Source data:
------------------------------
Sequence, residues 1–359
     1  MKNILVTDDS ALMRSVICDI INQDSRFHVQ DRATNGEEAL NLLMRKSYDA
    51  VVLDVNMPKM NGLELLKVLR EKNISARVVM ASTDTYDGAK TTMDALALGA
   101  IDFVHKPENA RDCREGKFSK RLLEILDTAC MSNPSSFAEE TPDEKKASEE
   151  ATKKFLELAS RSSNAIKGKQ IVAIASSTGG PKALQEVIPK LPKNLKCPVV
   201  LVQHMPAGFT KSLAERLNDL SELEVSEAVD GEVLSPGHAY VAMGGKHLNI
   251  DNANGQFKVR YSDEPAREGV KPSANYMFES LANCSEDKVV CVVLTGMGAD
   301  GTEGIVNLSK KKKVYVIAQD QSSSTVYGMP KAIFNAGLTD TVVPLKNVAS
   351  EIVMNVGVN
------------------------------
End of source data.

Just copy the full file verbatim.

Sequence, residues 1–359
     1  MKNILVTDDS ALMRSVICDI INQDSRFHVQ DRATNGEEAL NLLMRKSYDA
    51  VVLDVNMPKM NGLELLKVLR EKNISARVVM ASTDTYDGAK TTMDALALGA
   101  IDFVHKPENA RDCREGKFSK RLLEILDTAC MSNPSSFAEE TPDEKKASEE
   151  ATKKFLELAS RSSNAIKGKQ IVAIASSTGG PKALQEVIPK LPKNLKCPVV
   201  LVQHMPAGFT KSLAERLNDL SELEVSEAVD GEVLSPGHAY VAMGGKHLNI
   251  DNANGQFKVR YSDEPAREGV KPSANYMFES LANCSEDKVV CVVLTGMGAD
   301  GTEGIVNLSK KKKVYVIAQD QSSSTVYGMP KAIFNAGLTD TVVPLKNVAS
   351  EIVMNVGVN